The Prime Minister : It is clear that the situation is different because in 1967 it was Israel which was attacked. But we now have to look to the future and a solution to the Arab-Israel problem based on territory for peace. Saddam Hussein’s invasion of Kuwait has made that task much more difficult, but as I have said to the House on a number of occasions in recent weeks, we shall certainly be looking to see whether we can bring that peace forward as soon as the conflict is over.

Mr. Molyneaux : Does the Prime Minister share my admiration for the prompt response of senior members of the Commonwealth to the invasion of Kuwait? Does he share my hope that those ties with the Commonwealth will endure long after various temporary entanglements have disappeared?

The Prime Minister : I most certainly do, without qualification.


Q7. Mr. Thorne : To ask the Prime Minister if he will list his official engagements for Thursday 31 January.

The Prime Minister : I refer my hon. Friend to the reply that I gave some moments ago.

Mr. Thorne : As justice delayed is justice denied, will my right hon. Friend, in his usual caring fashion, be kind enough to examine the efficiency of the courts and whether it is right that people, particularly from abroad, should be obliged to wait so long for their trial? I am thinking in particular of Mrs. Dina Le Tarle, the American wife of a surgeon, aged 29, who has been prosecuted for her actions while responding to muggers on the underground. She has now been waiting three months for her trial.

Mr. Speaker : Order. If the case is sub judice, the hon. Gentleman should bear that in mind.

The Prime Minister : I understand the general point that my hon. Friend makes. The Government are concerned to reduce to a minimum delay in all criminal cases.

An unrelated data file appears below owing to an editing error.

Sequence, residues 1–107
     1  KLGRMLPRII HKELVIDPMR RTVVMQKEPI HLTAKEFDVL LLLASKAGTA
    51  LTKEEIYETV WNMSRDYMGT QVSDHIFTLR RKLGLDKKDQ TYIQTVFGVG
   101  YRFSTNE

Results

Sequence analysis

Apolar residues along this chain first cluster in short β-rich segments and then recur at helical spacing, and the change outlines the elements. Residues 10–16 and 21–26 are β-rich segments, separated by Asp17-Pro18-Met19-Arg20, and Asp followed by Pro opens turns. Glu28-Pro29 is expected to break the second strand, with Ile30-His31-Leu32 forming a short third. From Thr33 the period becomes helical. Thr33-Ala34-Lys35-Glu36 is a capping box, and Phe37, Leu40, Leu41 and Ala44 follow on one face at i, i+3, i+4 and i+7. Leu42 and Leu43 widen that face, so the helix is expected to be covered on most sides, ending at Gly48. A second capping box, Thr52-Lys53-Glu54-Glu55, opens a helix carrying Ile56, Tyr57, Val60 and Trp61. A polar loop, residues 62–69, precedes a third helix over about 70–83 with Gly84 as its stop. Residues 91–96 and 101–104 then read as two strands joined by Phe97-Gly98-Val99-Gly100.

Mr. Michael J. Martin : The Prime Minister will know that many of the soldiers who are serving well in the Gulf are in the Army because they could not get jobs in civvy street and when the Gulf war is over there will be soldiers who, unfortunately, will be unfit for Army service. Can the right hon. Gentleman guarantee them jobs in Glasgow and the north of England?

The Prime Minister : The early part of the hon. Gentleman’s remarks will be widely resented by many of our forces in the Gulf. I heard from him no talk of employment during the 40 successive months when unemployment was falling.


Q8. Mr. Page : To ask the Prime Minister if he will list his official engagements for Thursday 31 January.

The Prime Minister : I refer my hon. Friend to the reply that I gave some moments ago.

Mr. Page : My right hon. Friend is hearing from those who wish to see extensions to the sanction period in respect of the Gulf calls to bring about a ceasefire. For the benefit of the House, will my right hon. Friend surmise why those people are trying to put our troops in extra danger by giving Saddam Hussein the breathing space to develop a nuclear weapon?

The Prime Minister : I agree with my hon. Friend. He makes a valid point. We are not interested in a pause or a ceasefire, which would simply enable Iraq to regroup, resupply its forces and place our troops in greater peril. The conflict over Kuwait will be concluded only when all the provisions of Security Council resolution 678 have been met.